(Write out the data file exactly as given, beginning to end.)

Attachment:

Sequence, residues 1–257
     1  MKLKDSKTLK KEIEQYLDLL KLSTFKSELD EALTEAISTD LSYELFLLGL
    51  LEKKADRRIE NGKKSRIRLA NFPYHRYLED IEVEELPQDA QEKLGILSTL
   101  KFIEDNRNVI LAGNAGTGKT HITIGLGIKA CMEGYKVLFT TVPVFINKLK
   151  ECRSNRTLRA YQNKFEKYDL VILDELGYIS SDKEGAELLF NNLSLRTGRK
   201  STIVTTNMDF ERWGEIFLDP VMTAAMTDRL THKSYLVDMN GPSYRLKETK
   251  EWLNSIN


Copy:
Sequence, residues 1–257
     1  MKLKDSKTLK KEIEQYLDLL KLSTFKSELD EALTEAISTD LSYELFLLGL
    51  LEKKADRRIE NGKKSRIRLA NFPYHRYLED IEVEELPQDA QEKLGILSTL
   101  KFIEDNRNVI LAGNAGTGKT HITIGLGIKA CMEGYKVLFT TVPVFINKLK
   151  ECRSNRTLRA YQNKFEKYDL VILDELGYIS SDKEGAELLF NNLSLRTGRK
   201  STIVTTNMDF ERWGEIFLDP VMTAAMTDRL THKSYLVDMN GPSYRLKETK
   251  EWLNSIN